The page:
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Comparing diagnostic accuracy of F-FDG-PET/CT, contrast enhanced CT and combined imaging in patients with suspected vascular graft infections


Husmann, Lars; Huellner, Martin W; Ledergerber, Bruno; Anagnostopoulos, Alexia; Stolzmann, Paul; Sah, Bert-Ram; Burger, Irene A; Rancic, Zoran; Hasse, Barbara; VASGRA Cohort (2018). Comparing diagnostic accuracy of F-FDG-PET/CT, contrast enhanced CT and combined imaging in patients with suspected vascular graft infections. European Journal of Nuclear Medicine and Molecular Imaging:Epub ahead of print.

Abstract

BACKGROUND To evaluate the diagnostic accuracy of positron emission tomography/computed tomography with F-fluorodeoxyglucose (PET/CT), contrast-enhanced CT (CE-CT), and a combined imaging approach (CE-PET/CT) in patients with suspected vascular graft infection (VGI).
METHODS PET/CT and CE-CT were performed prospectively in 23 patients with suspected VGI. Diagnostic accuracy for PET/CT was assessed by using previously suggested cut-off points for maximum standardized uptake values (SUV) measured in the vicinity of the graft. Using a new 4-point scale for visual grading, two readers independently assessed the diagnostic accuracy for CE-CT and combined CE-PET/CT. Microbiological culture, obtained after open biopsy or graft explantation, and clinical follow-up of the patients served as the standard of reference.
RESULTS Sensitivity, specificity, negative predictive value (NPV), positive predictive value (PPV), and accuracy of PET/CT for the diagnosis of VGI was 100%, 50%, 100%, 72.2%, and 78.3%, using the most favorable SUV cut-off ≥ 4.9. Respective values for CE-CT were 100%, 50%, 100%, 72.2%, and 78.3% for reader 1, and 92.3%, 80%, 88.9%, 85.7%, and 86.9% for reader 2; while respective values for combined CE-PET/CT were 100%, 70%, 100%, 81.3%, and 86.9% for reader 1, and 100%, 80%, 100%, 86.7%, and 91.3% for reader 2. Additionally, imaging provided a conclusive clinical diagnosis in patients without graft infection (i.e., other sites of infection): five of ten patients with CE-CT, six of ten patients with PET/CT, and seven of ten patients with combined CE-PET/CT.
CONCLUSION The diagnostic accuracy of combined CE-PET/CT in patients with suspected VGI is very high. The combination of the high sensitivity of PET/CT in detecting metabolically active foci in infection, and the high specificity of CE-CT in detecting anatomic alterations, appears to be the reason why combined imaging outperforms stand-alone imaging in diagnosing VGI and may be supportive in future decision-making of difficult cases of suspected VGI. Clinical Trials.gov Identifier: NCT01821664.

Abstract

BACKGROUND To evaluate the diagnostic accuracy of positron emission tomography/computed tomography with F-fluorodeoxyglucose (PET/CT), contrast-enhanced CT (CE-CT), and a combined imaging approach (CE-PET/CT) in patients with suspected vascular graft infection (VGI).
METHODS PET/CT and CE-CT were performed prospectively in 23 patients with suspected VGI. Diagnostic accuracy for PET/CT was assessed by using previously suggested cut-off points for maximum standardized uptake values (SUV) measured in the vicinity of the graft. Using a new 4-point scale for visual grading, two readers independently assessed the diagnostic accuracy for CE-CT and combined CE-PET/CT. Microbiological culture, obtained after open biopsy or graft explantation, and clinical follow-up of the patients served as the standard of reference.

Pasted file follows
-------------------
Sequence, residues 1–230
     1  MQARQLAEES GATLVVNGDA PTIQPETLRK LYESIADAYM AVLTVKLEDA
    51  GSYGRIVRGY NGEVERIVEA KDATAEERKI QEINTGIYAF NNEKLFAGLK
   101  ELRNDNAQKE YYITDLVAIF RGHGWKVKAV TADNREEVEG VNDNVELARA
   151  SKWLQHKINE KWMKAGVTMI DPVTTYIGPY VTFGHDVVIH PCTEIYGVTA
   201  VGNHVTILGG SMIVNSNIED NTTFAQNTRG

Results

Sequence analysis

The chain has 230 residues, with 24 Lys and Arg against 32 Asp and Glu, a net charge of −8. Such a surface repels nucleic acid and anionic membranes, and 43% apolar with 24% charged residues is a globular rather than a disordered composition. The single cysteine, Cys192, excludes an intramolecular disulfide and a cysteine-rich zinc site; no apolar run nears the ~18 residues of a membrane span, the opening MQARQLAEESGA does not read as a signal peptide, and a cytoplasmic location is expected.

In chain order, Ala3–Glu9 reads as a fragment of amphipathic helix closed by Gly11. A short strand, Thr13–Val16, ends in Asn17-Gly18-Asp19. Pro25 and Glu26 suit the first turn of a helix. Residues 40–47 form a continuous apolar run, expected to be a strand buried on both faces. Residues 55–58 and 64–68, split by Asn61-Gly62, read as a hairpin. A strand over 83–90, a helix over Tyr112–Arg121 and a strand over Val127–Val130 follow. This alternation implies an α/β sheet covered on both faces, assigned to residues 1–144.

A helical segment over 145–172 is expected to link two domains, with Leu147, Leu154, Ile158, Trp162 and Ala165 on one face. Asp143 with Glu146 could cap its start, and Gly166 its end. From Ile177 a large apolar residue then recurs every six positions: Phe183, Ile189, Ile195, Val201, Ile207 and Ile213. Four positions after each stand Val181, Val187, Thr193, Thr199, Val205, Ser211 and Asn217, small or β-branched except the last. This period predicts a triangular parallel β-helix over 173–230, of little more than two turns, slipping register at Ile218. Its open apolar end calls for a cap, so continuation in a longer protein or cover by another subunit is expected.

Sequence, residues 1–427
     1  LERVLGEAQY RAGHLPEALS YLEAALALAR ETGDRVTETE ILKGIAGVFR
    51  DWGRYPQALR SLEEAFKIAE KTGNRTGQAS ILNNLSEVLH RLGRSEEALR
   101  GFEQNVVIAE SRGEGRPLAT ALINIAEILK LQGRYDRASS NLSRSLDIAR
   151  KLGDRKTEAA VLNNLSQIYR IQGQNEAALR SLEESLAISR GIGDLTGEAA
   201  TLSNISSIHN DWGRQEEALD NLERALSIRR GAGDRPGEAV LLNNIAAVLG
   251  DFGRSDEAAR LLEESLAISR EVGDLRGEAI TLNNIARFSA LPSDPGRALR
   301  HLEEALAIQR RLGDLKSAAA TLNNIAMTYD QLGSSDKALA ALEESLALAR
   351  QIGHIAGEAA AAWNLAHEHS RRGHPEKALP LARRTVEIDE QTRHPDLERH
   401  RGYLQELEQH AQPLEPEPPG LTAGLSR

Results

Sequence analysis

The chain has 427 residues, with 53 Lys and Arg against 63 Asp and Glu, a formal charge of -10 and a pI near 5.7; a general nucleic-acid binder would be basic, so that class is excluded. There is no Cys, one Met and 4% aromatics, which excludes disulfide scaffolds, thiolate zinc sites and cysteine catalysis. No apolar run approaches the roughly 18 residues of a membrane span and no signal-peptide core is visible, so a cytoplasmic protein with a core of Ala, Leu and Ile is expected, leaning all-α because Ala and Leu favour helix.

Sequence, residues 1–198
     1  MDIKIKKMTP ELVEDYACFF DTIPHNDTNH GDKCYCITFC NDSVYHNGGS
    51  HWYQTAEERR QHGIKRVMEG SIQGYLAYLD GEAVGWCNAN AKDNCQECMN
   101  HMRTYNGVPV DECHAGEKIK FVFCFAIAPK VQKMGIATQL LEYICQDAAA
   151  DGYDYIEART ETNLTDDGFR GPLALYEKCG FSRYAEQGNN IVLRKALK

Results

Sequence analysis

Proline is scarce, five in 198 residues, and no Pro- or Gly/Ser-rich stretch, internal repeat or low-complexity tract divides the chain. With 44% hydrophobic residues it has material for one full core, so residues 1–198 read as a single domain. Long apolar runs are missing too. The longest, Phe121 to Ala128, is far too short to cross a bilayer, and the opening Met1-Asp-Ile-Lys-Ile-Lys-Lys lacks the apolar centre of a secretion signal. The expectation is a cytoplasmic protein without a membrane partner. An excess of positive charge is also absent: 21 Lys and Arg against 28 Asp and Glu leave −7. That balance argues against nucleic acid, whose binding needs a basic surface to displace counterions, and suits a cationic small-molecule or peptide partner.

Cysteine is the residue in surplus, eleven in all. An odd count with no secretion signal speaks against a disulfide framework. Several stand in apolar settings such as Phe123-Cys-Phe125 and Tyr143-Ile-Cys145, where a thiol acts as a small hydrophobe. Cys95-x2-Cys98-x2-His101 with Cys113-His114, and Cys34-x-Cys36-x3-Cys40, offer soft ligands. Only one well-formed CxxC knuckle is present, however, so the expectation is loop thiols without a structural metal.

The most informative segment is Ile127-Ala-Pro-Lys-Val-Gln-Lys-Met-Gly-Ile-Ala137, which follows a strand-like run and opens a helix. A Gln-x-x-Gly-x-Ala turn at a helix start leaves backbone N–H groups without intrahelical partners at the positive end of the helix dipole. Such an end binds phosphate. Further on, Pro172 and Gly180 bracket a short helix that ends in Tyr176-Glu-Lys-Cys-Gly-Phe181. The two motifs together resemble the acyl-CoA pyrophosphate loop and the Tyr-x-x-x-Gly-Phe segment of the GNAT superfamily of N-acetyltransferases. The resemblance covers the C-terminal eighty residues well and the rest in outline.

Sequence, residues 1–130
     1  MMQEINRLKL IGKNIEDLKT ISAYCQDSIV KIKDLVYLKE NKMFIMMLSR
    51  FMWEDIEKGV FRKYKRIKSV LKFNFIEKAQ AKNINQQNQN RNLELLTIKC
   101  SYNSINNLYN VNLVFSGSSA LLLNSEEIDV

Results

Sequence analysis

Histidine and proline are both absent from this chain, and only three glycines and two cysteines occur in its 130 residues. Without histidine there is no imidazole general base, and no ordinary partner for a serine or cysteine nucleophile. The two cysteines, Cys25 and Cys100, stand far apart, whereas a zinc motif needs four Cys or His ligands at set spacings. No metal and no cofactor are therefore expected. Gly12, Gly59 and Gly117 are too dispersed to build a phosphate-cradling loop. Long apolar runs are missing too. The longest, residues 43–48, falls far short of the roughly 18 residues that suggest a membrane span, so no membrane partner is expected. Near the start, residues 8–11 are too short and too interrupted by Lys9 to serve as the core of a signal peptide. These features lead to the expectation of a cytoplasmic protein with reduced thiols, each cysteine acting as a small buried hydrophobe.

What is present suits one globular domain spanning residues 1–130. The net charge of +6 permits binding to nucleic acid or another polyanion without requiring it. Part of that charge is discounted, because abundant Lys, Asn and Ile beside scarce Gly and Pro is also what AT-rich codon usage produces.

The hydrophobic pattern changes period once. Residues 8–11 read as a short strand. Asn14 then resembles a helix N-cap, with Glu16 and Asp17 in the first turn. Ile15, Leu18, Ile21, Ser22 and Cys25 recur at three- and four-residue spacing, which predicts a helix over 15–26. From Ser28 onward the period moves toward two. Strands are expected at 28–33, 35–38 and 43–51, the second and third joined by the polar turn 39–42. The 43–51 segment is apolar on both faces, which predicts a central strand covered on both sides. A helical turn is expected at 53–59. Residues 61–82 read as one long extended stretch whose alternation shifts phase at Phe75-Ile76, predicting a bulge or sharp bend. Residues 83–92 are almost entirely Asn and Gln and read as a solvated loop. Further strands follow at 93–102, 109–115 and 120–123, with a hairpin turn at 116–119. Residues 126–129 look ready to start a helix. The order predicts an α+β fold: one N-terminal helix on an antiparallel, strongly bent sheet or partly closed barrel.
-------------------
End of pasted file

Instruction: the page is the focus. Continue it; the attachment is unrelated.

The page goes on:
RESULTS Sensitivity, specificity, negative predictive value (NPV), positive predictive value (PPV), and accuracy of PET/CT for the diagnosis of VGI was 100%, 50%, 100%, 72.2%, and 78.3%, using the most favorable SUV cut-off ≥ 4.9. Respective values for CE-CT were 100%, 50%, 100%, 72.2%, and 78.3% for reader 1, and 92.3%, 80%, 88.9%, 85.7%, and 86.9% for reader 2; while respective values for combined CE-PET/CT were 100%, 70%, 100%, 81.3%, and 86.9% for reader 1, and 100%, 80%, 100%, 86.7%, and 91.3% for reader 2. Additionally, imaging provided a conclusive clinical diagnosis in patients without graft infection (i.e., other sites of infection): five of ten patients with CE-CT, six of ten patients with PET/CT, and seven of ten patients with combined CE-PET/CT.
CONCLUSION The diagnostic accuracy of combined CE-PET/CT in patients with suspected VGI is very high. The combination of the high sensitivity of PET/CT in detecting metabolically active foci in infection, and the high specificity of CE-CT in detecting anatomic alterations, appears to be the reason why combined imaging outperforms stand-alone imaging in diagnosing VGI and may be supportive in future decision-making of difficult cases of suspected VGI. Clinical Trials.gov Identifier: NCT01821664.

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Item Type:Journal Article, refereed, original work
Communities & Collections:04 Faculty of Medicine > University Hospital Zurich > Clinic for Cardiovascular Surgery
04 Faculty of Medicine > University Hospital Zurich > Clinic for Nuclear Medicine
04 Faculty of Medicine > University Hospital Zurich > Clinic for Infectious Diseases
Dewey Decimal Classification:610 Medicine & health
Language:English
Date:13 November 2018
Deposited On:04 Dec 2018 14:25
Last Modified:25 Jan 2019 15:04
Publisher:Springer
ISSN:1619-7070
OA Status:Closed
Publisher DOI:https://doi.org/10.1007/s00259-018-4205-y
PubMed ID:30426151

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